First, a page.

Analina Burbuk: European Central Bank President Lagarde appears to be a fan

DrEuropean Central Bank (ECB) on hold: Neither in terms of interest rates, nor buying of bonds, nor a planned change in strategy, there is indeed significant news at the moment.

Accordingly, all questions on the topic have always been quoted the same phrases that are often heard at the current press conference. Thus, the central bank lived up to the expectations of many ECB watchers, who had already anticipated a “reassuringly boring” press conference in advance.

The real driver entered the event after about 42 minutes. European Central Bank President Christine Lagarde has been asked what she thinks about the Green Party’s candidate for Chancellor Analina Burbock. She herself had openly admitted that she had little experience in political work.

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Lagarde – who, as a central banker, would have argued that it had no right to comment on a member state’s policy as a guardian of currency – took the opportunity to break the boredom of the unified event.

“You don’t have to be gray or white-haired to enter politics and be known for your talent,” said the ECB President, praising the Green Party candidate for chancellor. Burbock is a “young woman very committed to climate change and environmental protection.” These topics are also very important to her personally. Even the ECB President found Burbock’s trampoline skills superb.

The FCA did not go into much detail, even after repeated inquiries about a possible beginning of the end of the bond purchases. Inflation expectations and financing conditions in the eurozone will set the pace. Both are complicated topics and the timeline is difficult.

“We don’t depend on the calendar, only on dates,” Lagarde said. So this was not an issue in the boardroom, it was not even discussed. The performance once again shows that the former French finance minister and former head of the International Monetary Fund (IMF) is still thinking very politically.

For her predecessor Mario Draghi, it was unthinkable to express herself in such detail about the domestic politics of a member state and climate policy preferences. Being a key position, the president of the European Central Bank should be the neutral official for the euro, who has been deliberately excluded from the democratic process in order to be as independent as possible.

Chancellor Merkel also received words of praise from Lagarde: Burbock’s arrival shows that “Chancellor Merkel has not discouraged young women from getting into politics,” the euro’s top official said. “This is the value of an example.”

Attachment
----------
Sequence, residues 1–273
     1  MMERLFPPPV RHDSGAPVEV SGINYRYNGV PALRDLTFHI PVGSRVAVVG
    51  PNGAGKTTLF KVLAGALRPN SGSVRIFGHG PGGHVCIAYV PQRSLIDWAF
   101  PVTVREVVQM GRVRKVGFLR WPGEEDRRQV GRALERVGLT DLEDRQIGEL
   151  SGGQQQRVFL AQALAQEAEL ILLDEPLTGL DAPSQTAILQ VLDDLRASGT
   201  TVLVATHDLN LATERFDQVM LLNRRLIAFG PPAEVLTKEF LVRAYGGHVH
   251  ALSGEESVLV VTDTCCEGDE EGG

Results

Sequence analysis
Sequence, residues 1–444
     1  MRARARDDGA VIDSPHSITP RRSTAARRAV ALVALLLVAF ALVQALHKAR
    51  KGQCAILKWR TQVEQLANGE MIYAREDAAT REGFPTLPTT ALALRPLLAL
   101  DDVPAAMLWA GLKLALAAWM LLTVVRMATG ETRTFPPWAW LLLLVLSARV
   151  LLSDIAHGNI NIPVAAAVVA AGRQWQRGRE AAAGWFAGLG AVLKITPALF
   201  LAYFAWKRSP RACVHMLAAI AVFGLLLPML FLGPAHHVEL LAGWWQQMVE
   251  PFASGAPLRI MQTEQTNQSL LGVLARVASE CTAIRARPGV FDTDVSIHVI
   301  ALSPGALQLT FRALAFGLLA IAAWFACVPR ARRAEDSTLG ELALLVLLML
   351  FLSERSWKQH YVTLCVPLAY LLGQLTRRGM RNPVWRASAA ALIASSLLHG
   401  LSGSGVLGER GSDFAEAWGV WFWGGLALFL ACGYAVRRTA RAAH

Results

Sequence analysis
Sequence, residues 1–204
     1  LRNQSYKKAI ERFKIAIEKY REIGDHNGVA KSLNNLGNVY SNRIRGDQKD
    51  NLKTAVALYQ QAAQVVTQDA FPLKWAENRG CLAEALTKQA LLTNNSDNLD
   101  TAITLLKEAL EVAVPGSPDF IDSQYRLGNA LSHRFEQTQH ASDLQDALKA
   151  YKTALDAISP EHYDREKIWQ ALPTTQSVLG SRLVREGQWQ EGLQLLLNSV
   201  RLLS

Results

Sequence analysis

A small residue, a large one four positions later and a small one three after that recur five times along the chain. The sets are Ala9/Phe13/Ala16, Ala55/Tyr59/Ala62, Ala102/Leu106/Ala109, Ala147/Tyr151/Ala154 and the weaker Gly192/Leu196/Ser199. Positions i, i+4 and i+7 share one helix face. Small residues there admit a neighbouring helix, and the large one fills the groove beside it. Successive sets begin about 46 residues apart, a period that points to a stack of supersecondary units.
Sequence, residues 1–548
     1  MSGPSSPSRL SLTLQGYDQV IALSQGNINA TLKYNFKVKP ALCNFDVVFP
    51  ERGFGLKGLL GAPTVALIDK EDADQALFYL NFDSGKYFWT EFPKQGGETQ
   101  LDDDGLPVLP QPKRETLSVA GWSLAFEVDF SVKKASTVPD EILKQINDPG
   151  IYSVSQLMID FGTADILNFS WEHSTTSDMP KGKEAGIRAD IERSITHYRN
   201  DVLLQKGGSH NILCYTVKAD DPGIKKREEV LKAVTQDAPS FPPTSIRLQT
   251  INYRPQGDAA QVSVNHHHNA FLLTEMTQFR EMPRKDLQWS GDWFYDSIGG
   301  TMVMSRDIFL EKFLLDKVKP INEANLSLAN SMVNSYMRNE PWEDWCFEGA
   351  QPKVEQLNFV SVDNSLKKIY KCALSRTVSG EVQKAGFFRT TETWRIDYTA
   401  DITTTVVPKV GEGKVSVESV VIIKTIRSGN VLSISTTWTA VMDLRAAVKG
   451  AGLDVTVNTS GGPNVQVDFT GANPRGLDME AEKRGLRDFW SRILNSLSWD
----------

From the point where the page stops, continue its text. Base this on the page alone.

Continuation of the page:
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However, the burning question remains: when will the European Central Bank slowly withdraw from its extremely loose monetary policy? Investors want to know this because it affects the mood in the stock market.

And consumers want to know this, too, for whom the mortgage loan follow-up financing may not be due for another year.

The issue of entering the exit is also very topical as the Bank of Canada already announced this week that it will curtail its bond purchases.

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But Lagarde vehemently rejected the idea of ​​limiting the epidemic emergency program. She said curtailing the program was “simply premature”.

Lagarde said the economic outlook for the Eurozone was still “masked by uncertainty”. There is still “a long way to go before crossing the bridge of epidemic and recovery is sustainable and stable.”

The so-called Pandemic Emergency Purchase Program (PEPP) to purchase government and corporate bonds consists of a total of 1.85 trillion euros and will run until at least the end of March 2022.

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It was not until the last council meeting in mid-March that the European Central Bank decided to speed up its bond purchases in the second quarter due to the continuing pressure on the economy. In March, the monetary authorities bought 66 billion euros of bonds. In the first two weeks of April, the amount was already around 43 billion euros.

Hence, market participants can continue to rely on cheap money. The expert comments, in turn, were unimaginable. “The traffic light is still green,” writes Ulric Castins, an economist at DWS. Alexander Krueger, chief economist at Bankhouse Lambie, tried the pun. “The European Central Bank is still a PEPPig.”

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